In other words, in Obama’s mind, investing in national defense and national security is economically counterproductive. It deprives his administration of funds that could otherwise be used to help Americans and to put Americans back to work. But this is a false and dangerous choice.
It is a false choice, because defense spending actually can help to spark economic growth and development here in the United States. That’s why I’ve argued for a “defense stimulus.”
Increased spending on modern weapons systems plays to the central strength of our 21st century economy. That strength involves our ability to harness computer processing power and other information technologies to create new and unprecedented opportunities for individuals — even individual soldiers.
Yet, instead of championing military modernization the Obama administration is busy cutting the defense budget and eliminating key weapon systems — and the stupid Republicans in Congress (most of them anyway) are watching and applauding!
That’s why House GOP leader Rep. John Boehner says that, like his Democratic colleagues, he too is eager to eliminate so-called Pentagon waste. “There’s got to be wasteful spending there, unnecessary spending there. It all ought to be eliminated,” Boehner said Sunday on Meet the Press.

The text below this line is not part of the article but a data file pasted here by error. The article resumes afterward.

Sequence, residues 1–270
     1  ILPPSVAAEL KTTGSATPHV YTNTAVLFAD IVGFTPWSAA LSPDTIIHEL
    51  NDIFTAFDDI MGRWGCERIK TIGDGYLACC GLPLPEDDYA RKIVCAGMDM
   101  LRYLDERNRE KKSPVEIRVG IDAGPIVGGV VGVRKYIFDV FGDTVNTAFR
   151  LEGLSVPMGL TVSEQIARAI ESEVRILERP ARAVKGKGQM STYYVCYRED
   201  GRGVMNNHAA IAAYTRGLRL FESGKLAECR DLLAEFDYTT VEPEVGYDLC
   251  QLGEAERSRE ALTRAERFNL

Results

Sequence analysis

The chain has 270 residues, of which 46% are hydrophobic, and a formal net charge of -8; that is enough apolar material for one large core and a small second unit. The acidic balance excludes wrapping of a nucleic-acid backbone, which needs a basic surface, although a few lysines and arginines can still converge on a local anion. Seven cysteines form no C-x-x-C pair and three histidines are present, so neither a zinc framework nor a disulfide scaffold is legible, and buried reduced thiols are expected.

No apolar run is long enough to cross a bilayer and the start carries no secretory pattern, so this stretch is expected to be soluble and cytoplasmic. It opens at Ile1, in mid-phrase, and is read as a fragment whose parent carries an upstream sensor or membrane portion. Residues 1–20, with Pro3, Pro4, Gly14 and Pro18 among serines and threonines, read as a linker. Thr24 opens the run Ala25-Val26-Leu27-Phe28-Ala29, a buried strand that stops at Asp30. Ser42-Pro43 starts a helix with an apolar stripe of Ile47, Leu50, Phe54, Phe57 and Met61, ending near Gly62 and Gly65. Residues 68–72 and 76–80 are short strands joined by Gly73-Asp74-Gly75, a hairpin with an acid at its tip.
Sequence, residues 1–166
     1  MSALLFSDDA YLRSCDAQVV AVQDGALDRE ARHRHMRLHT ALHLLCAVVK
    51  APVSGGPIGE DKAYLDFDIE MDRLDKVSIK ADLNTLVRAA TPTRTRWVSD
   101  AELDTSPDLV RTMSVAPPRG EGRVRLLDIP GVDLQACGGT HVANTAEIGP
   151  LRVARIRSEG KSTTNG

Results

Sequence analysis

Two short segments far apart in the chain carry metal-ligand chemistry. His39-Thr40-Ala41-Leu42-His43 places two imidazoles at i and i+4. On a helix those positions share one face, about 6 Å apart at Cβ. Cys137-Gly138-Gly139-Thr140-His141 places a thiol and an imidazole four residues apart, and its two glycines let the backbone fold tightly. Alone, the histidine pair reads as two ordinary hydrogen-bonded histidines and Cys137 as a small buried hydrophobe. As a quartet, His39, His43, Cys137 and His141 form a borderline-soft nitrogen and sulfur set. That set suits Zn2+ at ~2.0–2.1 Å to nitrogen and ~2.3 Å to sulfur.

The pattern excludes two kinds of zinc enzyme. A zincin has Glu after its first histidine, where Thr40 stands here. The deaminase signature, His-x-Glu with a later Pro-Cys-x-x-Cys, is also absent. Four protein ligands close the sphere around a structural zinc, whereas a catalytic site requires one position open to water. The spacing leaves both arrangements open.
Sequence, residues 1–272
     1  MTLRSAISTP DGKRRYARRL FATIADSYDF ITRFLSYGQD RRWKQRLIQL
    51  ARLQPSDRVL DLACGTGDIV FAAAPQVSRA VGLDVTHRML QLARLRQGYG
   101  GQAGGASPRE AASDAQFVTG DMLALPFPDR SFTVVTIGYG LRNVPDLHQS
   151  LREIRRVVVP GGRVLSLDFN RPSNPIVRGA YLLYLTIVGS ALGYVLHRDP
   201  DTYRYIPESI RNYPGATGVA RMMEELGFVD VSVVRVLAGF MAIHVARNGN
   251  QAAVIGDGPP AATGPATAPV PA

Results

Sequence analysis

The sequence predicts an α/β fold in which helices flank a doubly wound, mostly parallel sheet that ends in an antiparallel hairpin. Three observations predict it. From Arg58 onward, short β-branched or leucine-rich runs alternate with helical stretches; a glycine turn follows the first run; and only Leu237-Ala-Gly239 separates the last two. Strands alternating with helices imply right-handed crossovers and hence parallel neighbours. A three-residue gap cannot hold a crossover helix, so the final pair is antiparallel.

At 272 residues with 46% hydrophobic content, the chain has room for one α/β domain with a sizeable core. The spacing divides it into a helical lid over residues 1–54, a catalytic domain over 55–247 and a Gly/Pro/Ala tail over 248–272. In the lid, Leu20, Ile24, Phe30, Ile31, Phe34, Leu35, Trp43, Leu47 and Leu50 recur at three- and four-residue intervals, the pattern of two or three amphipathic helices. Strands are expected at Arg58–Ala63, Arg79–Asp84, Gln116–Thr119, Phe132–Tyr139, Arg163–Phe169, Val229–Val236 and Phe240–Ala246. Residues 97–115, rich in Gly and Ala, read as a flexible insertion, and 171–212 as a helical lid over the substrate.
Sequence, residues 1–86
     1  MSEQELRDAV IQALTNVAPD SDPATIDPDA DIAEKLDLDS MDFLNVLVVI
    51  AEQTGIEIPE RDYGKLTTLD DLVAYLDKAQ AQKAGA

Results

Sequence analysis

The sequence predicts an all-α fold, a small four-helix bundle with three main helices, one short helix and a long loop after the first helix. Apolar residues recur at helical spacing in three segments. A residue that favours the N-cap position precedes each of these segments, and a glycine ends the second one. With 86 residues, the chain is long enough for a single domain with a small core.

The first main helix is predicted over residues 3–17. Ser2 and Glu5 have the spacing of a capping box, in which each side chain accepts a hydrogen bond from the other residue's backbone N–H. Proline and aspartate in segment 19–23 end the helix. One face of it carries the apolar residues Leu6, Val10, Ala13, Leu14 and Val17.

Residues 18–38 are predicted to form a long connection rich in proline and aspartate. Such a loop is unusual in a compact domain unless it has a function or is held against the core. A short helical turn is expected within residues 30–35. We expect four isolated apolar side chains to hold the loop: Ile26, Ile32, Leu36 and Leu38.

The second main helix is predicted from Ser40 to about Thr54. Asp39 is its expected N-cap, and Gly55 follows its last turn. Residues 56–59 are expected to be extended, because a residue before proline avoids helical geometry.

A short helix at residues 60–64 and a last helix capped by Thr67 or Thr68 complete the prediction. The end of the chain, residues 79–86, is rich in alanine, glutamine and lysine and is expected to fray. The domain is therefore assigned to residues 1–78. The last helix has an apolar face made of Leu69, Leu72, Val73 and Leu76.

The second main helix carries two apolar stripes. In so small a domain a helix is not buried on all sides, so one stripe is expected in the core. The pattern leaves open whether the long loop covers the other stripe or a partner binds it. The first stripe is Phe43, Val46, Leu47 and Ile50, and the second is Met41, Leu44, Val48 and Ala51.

Of course, Boehner doesn’t specify what “wasteful spending” he has in mind. Does Boehner, like Obama, want to eliminate the C-17 jet transport aircraft? Does he want to stop development of an advanced electronic network for our Soldiers and Marines? Does he think the Navy should cease and desist with building littoral combat ships to fight piracy?
Boehner doesn’t say because, like most politicians — Democrats and Republicans alike — he doesn’t know what he’s talking about. In fact, Boehner doesn’t have a clue. He’s simply playing to the media for a cheap applause line with a superficially appealing sound bite.